foto: William Edwin Pidgeon, Aiud - 1956 / Drepturi de autor: Peter Pidgeon (reproducere cu permisiune)

William Edwin Pidgeon la Aiud

Scurta vizită a artistului australian William Edwin Pidgeon, aka “Wep” la Aiud în anul 1956.

Bill Pidgeon’s career spanned from the late 1920s through to the 1970s. He started out in the newspaper industry and quickly forged a name in the local Sydney Press, known as “Wep”.

Working for Consolidated Press he became well known throughout Australia for his political cartoons, comic strips, illustrations and his covers for The Australian Women’s Weekly, which are now collectables today.  However, Bill’s true passion was his painting and in January 1949 he resigned from Consolidated Press to concentrate on painting and earn an income from commisioned portraits.  He ultimately went on to win Australia’s most prestigious prize for portraiture, The Archibald Prize, on three occassions. Only 5 other artists have exceeded this record, which he shares with Clifton Pugh.

Bill was never a commercial artist. He painted for the love of it and would rather give his works away than sell them. He never had a solo exhibition and only participated in a handful of group exhibitions. Consequently, not many works have changed hands and since his death; awareness of his name has slipped from the visibility of the modern art world.

Bill Pidgeon (Wep) at the door leading under his home at Northwood in Sydney, Australia where he kept his pottery wheel and kiln, c.1962; from the archives of William Edwin Pidgeon (Wep), National Library of Australia, Accession No. PIC/20163
Invitation to Wep from the Romanian Institute for Cultural Relations with Foreign Countries to visit Romania; 17 July 1956; from the archives of William Edwin Pidgeon (Wep), National Library of Australia, Accession No. PIC/20163

Wep’s 1956 Romanian adventure: Wep travels behind Iron Curtain on cultural exchange

In 1956, acclaimed Australian artist, William Edwin Pidgeon (WEP) was issued with a visa for travel behind the “Iron Curtain” to Romania as part of a cultural exchange program. This series of posts includes extracts from letters he sent back home to his wife, Dorothy and son, Graham, describing his adventures and depicting the places, people and life as he witnessed them.

Wep left Sydney on September 22, 1956 with stopovers in Darwin, Singapore, Rome, Venice, Munich, and Vienna. He arrived in Budapest, Hungary on October 2nd, travelling to Bucharest in Romania the next day. He spent two weeks in Romania, returning to Vienna on October 18.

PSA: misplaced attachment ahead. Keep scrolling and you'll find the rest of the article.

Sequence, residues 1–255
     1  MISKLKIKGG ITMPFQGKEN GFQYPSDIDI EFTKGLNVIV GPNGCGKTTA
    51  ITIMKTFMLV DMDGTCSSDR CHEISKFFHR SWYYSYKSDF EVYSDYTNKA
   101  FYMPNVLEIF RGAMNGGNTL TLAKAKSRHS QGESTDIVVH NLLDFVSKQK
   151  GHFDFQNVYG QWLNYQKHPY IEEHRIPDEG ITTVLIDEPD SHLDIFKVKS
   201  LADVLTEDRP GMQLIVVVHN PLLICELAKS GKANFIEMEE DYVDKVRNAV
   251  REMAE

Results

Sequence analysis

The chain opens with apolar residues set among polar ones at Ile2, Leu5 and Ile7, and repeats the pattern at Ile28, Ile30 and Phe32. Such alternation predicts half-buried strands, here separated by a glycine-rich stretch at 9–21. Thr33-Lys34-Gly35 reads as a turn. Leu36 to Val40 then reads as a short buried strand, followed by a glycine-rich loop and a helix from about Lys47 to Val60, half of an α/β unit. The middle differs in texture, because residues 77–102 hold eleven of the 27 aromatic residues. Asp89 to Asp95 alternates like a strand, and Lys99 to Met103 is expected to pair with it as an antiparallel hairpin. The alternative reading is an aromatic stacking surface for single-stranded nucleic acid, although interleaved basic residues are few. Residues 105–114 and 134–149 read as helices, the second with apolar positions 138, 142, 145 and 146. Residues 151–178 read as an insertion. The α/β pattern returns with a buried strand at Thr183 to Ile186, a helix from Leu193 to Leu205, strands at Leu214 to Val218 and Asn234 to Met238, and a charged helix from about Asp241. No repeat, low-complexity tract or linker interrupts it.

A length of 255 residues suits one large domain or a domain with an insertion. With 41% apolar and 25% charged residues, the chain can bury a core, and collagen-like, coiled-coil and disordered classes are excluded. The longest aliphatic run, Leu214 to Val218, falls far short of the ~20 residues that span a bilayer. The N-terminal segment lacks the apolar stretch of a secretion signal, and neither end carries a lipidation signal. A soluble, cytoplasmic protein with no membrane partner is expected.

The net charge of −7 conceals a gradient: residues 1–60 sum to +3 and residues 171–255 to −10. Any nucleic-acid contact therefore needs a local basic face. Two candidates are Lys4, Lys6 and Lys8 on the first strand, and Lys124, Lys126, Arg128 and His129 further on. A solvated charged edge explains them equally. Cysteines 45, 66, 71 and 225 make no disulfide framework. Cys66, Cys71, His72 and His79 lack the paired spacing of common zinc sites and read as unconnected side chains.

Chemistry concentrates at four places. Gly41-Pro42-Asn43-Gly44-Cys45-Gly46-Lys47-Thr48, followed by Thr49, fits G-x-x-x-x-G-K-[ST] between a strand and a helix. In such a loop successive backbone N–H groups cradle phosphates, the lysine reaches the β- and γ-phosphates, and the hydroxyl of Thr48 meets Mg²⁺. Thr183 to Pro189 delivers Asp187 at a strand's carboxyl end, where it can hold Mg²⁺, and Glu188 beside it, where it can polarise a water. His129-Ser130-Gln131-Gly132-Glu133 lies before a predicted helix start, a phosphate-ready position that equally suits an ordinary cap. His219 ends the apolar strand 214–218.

From Vienna, Wep traveled to Paris where he planned to stay with his old friend and journalist, Roley Pullen. He remained in Paris for for just over two weeks, then a similar amount of time in London, finally arriving back home in Sydney on December 2, 1956.

William Edwin Pidgeon paintings about Aiud

WEP also did some paintings based on his trip upon his return from Romania.

William Edwin Pidgeon painting about Aiud / Copyright: Peter Pidgeon (reproduced with permission)
William Edwin Pidgeon painting about Aiud / Copyright: Peter Pidgeon (reproduced with permission)

More informations about WEP (in english)
focus on Wep’s paintings and artwork
focus on Wep’s life

Peter, WEP’s son, words about his father’s journey to Romania

My father Bill Pidgeon (William Edwin Pidgeon also known as Wep) visited Romania in 1956. It was quite something back then as he had to get special permission to travel behind the ‘Iron Curtain’. He was invited by the Romanian Institute for Cultural Relations on behalf of the Romanian Government as part of a cultural exchange.

Over the years Wep’s photographs from that trip had become separated, mixed up and not stored in the best of conditions. I have endeavoured to bring the collection back together using his letters home to determine the chronology of events and retrace his route. In addition, I have utilised Google Maps, Google Earth and Street View to determine GPS locations of where most of the photographs were taken. These photographs including his letters and those from the Romanian Institute for Cultural Relations along with the rest of Wep’s archives are now held by the National Library of Australia.

In order to get to Bucharest, Wep had to transit through Budapest in Hungary. Romania left a significant impression on him but his trip was cut short as they had to get him out of the country and through Hungary to Wien in Austria before the Russians squashed the unrest that was arising in Hungary. He brought home many items; art books and records and even organised to host a series of radio shows on our local national radio station featuring some of the folk music he brought back.

During his trip Wep made sketches and notes and a number of paintings were completed upon his return. Two of these were situated in Aiud, an unplanned stop but clearly a town that caught his eye.

It has long been an ambition of mine to retrace my father’s footsteps at the same time of year and stay in the same hotels as he did. In May 2018 I did manage to realise part of that whilst on a guided tour of the Balkans visiting Bucharest and staying in the Athenee Palace Hotel as well as Brasov and the Aro Palace Hotel (former Carpatti Hotel) as well as Peles Castle. It was great recognising many of my father’s photographs and identifying a couple more and just getting a feel and sense of the spirit of the people and the locations. Hopefully one day I will be able to return and visit Aiud and more of Romania.

Peter Pidgeon, February 2019